If "beauty will save the world," as Russian novelist Fyodor Dostoevsky said, then "perhaps beauty can also save the unborn," said Canadian artist Timothy Schmalz.
"Artwork has the power to persuade and convince and move people," and "the more representations we have of a mother and child ... in our visual landscape," the better, he said.
Schmalz spoke with Catholic News Service and other reporters in Rome May 27 to present his latest sculpture: the "Life Monument," which is permanently installed at the Church of San Marcello al Corso in the center of the city.
The 8-foot-tall bronze statue depicts Mary embracing her pregnant belly, which reveals a womb made of polished stainless steel with the unborn baby Jesus. The mirroring effect of the womb allows viewers to see themselves in the womb, as a reminder that their lives, too, started in a womb, he said.
Schmalz said his hope is to offer a pro-life message that reminds people of their own gift of life and the beauty of art to touch the hearts of those who are in favor of legalized abortion.
"I just do not want to preach to the choir," noting how the church where the statue is displayed is visited by countless tourists.
He said he wanted the piece not to be "a weapon of confrontation," but seen as "a celebration."
"I did not want to make a pro-life sculpture that offends anyone," because the method of using horrifying images of dead unborn babies "is not working" and those who need convincing "are not going to learn anything," he said.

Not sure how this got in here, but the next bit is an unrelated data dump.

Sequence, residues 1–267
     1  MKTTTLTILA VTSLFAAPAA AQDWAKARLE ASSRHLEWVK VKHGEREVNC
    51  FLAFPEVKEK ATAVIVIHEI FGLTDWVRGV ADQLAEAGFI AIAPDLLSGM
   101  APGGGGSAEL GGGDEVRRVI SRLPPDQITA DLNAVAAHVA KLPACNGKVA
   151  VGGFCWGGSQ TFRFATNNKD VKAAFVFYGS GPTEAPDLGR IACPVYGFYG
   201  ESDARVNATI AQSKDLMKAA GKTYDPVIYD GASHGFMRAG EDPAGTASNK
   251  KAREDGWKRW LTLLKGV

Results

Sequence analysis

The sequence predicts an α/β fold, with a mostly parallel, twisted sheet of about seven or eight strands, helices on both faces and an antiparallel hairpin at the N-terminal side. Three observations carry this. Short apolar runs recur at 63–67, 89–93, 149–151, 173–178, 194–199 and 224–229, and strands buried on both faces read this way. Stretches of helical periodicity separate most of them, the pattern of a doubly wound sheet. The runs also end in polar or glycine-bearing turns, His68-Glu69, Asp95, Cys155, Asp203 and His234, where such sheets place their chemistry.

If they can see the beauty in unborn life, he said, "perhaps that will be some sort of persuasion" to make them think more deeply about all human life as being beautiful.
When it comes to "touchy" hot-button issues, he said, "you have to use beauty and love or it's just not going to work."
"If I can move that dialogue one step closer to some understanding and love on both sides, then the sculpture is a great tool, it's a great instrument," he said.
A "colossal" version of the life-size statue in Rome is now on tour in the United States, starting in Texas, and will end up at its permanent home in Washington, D.C., outside the Theological College of the Catholic University of America, right across the street from the Basilica of the National Shrine of the Immaculate Conception.
Schmalz said he hopes to have copies of the Life Monument permanently installed in other countries, too.
He said he has plans to unveil a new piece highlighting the value of the elderly as part of an expanding series of pro-life pieces, which includes his "Homeless Jesus" sleeping on a park bench and "Angels Unawares," depicting a group of migrants and refugees on a boat.
The Catholic Church needs to rediscover the value and impact of "the power of the visual," he said.
In the past, the visual arts were instrumental in teaching the faith to a largely illiterate society, he said. But today, the problem is not that people cannot read, it is that they have no time to read.
People "need visual bites," he said, and if the Catholic Church can continue "to put these positive messages that are relevant today out there, then they're evangelizing silently, subtly."